MassDOT Adding Bike Lanes Near Museum of Science
Boston, MA– The Massachusetts Department of Transportation (MassDOT) announced this week that they will be reconfiguring the Charles River Dam Road in Boston and Cambridge and adding bike lanes near the Museum of Science next month. The decision was made after results from a roadway safety audit, following the death of a BU student who was hit and killed by a dump truck when riding his bike last November.
Reconfiguration of the Charles River Dam Road will include work on the Craigie Bridge, resulting in two lanes for motor vehicle traffic in each direction along with a separated bike lane in each direction; vertical stanchions will separate the bike lanes.
According to WCVB, a dedicated turn lane will be added to Land Boulevard, along with new markings, signage and traffic signals in all mentioned areas. MassDOT is excited to implement this new change, seeing as the Charles River Dam Road, the street connecting Edwin H. Land Boulevard and the Leverett Circle, is heavily trafficked most of the day; rush hour traffic can be even worse.
MassDOT Director of Sustainable Mobility, Jackie DeWolfe, stated, “We are excited to be making roadway enhancements, including adding bicycle lanes separated with flex posts, to this important corridor between Boston and Cambridge.” Traffic signalization will also be put in place for operators of both bicycles and vehicles. The signalization will be timed so that the traveling public can be regulated during peak hours with minimal traffic congestion.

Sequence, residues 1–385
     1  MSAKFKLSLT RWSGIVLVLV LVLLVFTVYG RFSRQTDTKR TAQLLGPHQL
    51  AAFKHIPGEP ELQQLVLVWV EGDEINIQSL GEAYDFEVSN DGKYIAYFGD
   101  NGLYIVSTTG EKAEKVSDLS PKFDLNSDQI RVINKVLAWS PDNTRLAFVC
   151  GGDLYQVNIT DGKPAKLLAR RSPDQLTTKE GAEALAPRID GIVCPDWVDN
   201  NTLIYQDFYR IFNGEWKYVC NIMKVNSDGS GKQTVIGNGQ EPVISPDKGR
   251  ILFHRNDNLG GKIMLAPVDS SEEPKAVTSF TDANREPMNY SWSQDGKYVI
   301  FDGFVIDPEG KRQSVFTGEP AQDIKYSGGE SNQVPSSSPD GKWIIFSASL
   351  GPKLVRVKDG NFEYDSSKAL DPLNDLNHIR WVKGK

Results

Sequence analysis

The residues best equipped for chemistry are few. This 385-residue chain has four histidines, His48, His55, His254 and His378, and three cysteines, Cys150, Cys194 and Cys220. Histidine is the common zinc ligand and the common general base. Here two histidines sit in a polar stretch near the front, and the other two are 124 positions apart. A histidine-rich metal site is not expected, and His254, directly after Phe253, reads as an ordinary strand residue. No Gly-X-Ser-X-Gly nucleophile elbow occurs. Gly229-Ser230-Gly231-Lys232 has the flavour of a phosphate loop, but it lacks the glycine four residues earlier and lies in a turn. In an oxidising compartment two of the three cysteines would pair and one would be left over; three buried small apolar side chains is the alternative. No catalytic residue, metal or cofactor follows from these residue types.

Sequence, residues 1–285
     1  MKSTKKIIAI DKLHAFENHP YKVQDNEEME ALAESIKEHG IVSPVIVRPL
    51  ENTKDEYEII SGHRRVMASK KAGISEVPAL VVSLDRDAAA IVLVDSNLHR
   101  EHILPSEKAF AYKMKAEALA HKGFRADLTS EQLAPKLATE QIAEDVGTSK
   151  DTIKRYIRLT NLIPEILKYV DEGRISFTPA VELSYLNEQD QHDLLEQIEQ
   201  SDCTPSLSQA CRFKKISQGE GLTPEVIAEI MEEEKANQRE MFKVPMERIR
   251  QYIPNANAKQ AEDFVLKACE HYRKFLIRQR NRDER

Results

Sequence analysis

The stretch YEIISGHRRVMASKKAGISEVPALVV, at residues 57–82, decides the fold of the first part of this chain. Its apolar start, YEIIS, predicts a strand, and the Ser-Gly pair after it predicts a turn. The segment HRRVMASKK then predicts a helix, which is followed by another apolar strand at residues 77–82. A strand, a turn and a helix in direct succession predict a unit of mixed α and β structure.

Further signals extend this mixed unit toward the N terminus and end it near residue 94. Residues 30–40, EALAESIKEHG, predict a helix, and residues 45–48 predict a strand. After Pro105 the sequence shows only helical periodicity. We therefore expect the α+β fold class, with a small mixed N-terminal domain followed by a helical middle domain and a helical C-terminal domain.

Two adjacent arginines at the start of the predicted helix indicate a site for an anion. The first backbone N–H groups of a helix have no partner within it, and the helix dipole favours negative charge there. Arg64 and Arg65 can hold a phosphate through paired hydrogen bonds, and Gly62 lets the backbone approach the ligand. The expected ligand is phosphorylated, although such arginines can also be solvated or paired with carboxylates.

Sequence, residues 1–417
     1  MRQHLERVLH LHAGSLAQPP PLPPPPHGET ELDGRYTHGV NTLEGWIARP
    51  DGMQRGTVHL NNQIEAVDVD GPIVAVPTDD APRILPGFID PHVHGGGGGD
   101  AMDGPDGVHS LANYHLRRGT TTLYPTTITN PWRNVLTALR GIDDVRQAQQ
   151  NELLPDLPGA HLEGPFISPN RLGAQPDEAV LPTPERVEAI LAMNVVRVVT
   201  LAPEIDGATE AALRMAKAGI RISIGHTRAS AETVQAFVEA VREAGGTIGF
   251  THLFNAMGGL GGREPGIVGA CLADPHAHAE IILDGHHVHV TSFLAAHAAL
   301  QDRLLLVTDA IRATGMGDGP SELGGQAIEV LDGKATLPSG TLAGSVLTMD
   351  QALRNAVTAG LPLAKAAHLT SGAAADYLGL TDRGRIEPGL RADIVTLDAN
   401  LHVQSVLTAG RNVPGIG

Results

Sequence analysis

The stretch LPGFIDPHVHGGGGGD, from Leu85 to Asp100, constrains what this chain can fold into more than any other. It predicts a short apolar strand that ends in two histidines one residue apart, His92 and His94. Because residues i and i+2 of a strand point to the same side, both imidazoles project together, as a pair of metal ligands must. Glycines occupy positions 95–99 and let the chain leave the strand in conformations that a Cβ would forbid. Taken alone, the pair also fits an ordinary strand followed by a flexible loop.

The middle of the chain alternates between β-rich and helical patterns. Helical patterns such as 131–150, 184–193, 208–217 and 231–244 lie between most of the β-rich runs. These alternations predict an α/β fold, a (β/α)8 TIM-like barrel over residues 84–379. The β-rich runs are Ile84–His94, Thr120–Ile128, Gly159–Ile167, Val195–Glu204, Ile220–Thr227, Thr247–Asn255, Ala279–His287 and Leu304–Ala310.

The City of Boston Chief of Streets, Chris Osgood, stated, “These two new bike lanes and further investment in state roads will provide another link in our region’s growing network of bicycle infrastructure and help continue to make transportation easy, safe and equitable for all.” Many cyclists agree that MassDOT is taking a step in the right direction with this construction project.
The project is expected to be completed in August. This is not the only project MassDOT is currently working on; the organization is putting its best foot forward to improve the core infrastructure throughout the Commonwealth. The 5-year planned period of construction work started on July 1, 2018, with an expected budget of approximately $7.6 billion allocated for improving road systems and bridge projects.